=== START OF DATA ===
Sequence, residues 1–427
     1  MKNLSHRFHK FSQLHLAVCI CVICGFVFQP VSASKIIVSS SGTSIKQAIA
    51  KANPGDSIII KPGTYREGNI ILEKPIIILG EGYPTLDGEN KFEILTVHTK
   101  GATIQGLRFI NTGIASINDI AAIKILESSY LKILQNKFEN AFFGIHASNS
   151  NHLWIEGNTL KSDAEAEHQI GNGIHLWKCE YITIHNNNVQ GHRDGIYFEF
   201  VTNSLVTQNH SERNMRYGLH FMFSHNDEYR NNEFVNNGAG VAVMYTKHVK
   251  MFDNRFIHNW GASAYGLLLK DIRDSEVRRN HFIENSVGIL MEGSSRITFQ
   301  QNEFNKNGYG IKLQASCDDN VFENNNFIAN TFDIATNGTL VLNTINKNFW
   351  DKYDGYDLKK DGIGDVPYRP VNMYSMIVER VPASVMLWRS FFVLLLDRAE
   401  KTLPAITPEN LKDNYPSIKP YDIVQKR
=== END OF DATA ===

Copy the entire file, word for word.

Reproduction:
Sequence, residues 1–427
     1  MKNLSHRFHK FSQLHLAVCI CVICGFVFQP VSASKIIVSS SGTSIKQAIA
    51  KANPGDSIII KPGTYREGNI ILEKPIIILG EGYPTLDGEN KFEILTVHTK
   101  GATIQGLRFI NTGIASINDI AAIKILESSY LKILQNKFEN AFFGIHASNS
   151  NHLWIEGNTL KSDAEAEHQI GNGIHLWKCE YITIHNNNVQ GHRDGIYFEF
   201  VTNSLVTQNH SERNMRYGLH FMFSHNDEYR NNEFVNNGAG VAVMYTKHVK
   251  MFDNRFIHNW GASAYGLLLK DIRDSEVRRN HFIENSVGIL MEGSSRITFQ
   301  QNEFNKNGYG IKLQASCDDN VFENNNFIAN TFDIATNGTL VLNTINKNFW
   351  DKYDGYDLKK DGIGDVPYRP VNMYSMIVER VPASVMLWRS FFVLLLDRAE
   401  KTLPAITPEN LKDNYPSIKP YDIVQKR